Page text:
I do so hope you may help assist in getting today’s psychiatric industry out of the business of covering up child abuse and easily recognized iatrogenesis for the historic “two original educated professions.” I know I was unable to find a lawyer, and most my friends from youth had become lawyers, so this is pretty pathetic. Although, in my friends defense, I did not ask many of them for legal assistance, since it took me more than the two year statute of limitations on malpractice to research medicine and find the medical explanation for the medical crimes committed against me.

    But with the internet, hopefully, all patients will soon be able to research more quickly the reality that today’s “bipolar” drug cocktail recommendations are known to medically make a person “psychotic,” via anticholinergic toxidrome poisoning.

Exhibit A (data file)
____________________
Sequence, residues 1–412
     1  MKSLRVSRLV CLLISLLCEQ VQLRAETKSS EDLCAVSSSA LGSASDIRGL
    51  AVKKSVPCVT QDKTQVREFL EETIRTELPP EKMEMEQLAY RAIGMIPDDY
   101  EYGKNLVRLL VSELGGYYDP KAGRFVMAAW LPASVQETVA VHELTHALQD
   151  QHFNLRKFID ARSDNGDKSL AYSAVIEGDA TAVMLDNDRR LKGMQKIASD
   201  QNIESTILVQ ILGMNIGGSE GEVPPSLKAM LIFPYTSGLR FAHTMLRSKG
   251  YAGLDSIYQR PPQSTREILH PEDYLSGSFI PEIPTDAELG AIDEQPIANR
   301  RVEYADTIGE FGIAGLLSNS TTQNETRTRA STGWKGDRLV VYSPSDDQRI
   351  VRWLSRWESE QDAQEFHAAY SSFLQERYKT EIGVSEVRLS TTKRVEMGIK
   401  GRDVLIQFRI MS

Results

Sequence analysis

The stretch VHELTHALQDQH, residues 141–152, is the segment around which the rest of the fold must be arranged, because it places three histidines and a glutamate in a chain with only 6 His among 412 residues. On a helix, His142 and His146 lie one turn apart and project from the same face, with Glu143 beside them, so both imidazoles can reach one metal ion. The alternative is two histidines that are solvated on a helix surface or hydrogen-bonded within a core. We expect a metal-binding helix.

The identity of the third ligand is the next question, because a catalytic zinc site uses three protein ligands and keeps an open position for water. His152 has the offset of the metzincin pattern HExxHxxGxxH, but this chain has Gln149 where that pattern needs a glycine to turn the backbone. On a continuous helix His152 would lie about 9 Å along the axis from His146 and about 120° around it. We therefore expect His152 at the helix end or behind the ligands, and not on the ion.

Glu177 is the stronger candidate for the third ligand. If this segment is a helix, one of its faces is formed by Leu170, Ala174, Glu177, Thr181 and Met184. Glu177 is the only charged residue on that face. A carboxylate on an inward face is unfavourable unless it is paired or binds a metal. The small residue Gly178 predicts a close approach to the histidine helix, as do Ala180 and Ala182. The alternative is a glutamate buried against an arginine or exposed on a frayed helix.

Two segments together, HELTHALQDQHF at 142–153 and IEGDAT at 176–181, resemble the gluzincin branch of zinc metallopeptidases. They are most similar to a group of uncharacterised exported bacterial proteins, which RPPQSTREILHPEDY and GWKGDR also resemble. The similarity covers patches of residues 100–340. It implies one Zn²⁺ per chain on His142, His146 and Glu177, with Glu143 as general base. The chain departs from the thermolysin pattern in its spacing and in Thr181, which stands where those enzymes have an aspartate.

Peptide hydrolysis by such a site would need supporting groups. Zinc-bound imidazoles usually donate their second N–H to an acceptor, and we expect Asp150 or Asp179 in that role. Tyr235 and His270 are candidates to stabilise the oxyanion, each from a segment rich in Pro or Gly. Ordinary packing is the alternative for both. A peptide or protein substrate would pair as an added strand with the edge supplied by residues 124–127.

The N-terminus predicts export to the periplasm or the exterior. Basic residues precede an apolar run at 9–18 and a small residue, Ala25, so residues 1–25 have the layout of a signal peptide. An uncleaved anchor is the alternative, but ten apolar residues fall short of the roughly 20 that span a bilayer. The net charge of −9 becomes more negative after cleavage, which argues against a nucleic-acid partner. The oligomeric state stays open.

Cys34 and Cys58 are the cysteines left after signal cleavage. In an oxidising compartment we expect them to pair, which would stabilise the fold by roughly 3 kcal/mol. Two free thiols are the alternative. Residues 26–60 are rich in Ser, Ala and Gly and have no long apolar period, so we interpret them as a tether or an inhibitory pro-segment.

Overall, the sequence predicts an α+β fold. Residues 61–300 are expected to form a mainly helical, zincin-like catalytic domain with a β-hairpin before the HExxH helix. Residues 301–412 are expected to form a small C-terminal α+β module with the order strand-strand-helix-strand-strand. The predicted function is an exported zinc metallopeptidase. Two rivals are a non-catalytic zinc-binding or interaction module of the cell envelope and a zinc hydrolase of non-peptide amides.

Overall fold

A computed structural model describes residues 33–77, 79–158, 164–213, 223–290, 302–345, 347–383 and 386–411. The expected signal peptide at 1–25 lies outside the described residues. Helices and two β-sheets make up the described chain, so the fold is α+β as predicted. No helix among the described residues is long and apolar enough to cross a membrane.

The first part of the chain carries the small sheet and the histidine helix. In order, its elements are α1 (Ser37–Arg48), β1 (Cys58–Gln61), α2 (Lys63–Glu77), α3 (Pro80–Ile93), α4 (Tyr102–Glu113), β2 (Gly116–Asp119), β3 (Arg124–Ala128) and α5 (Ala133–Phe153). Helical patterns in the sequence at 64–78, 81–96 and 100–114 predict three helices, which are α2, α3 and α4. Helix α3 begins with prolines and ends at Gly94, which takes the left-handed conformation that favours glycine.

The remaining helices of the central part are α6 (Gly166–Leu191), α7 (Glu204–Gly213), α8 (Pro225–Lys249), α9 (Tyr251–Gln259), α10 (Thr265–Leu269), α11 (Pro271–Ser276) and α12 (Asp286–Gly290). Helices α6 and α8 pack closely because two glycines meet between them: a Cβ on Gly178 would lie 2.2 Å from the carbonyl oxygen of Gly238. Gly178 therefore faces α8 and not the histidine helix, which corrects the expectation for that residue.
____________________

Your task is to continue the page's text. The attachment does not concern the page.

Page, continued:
And that the neuroleptics / antipsychotics, today’s “schizophrenia cure,” can not just make a person “psychotic,” one of the positive symptoms of “schizophrenia,” via anticholinergic toxidrome. But the “schizophrenia cure” also causes the negative symptoms of “schizophrenia,” via NIDS:

    We do need the US lawyers to wake up, and start bringing about justice in this country, thanks for being one of the few, Jim.

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  4. Wow, this is good news indeed. (Incidentally, Alan was my dad’s first name.) I am concerned, as we all are, about the co-opting of the peer movement. It really needs to get back to its true intention.

    I recently started an antipsychiatry group. A potential member asked if we were antipsychiatry or “the usual neurodiversity/mad pride thing.” I replied that our group’s focus was human rights and dignity, where force has absolutely no place at all.

    We need to keep offering alternatives. And we need also to be shining examples of the Other Narrative, the one that affirms that we are better off without force or coercion in our lives.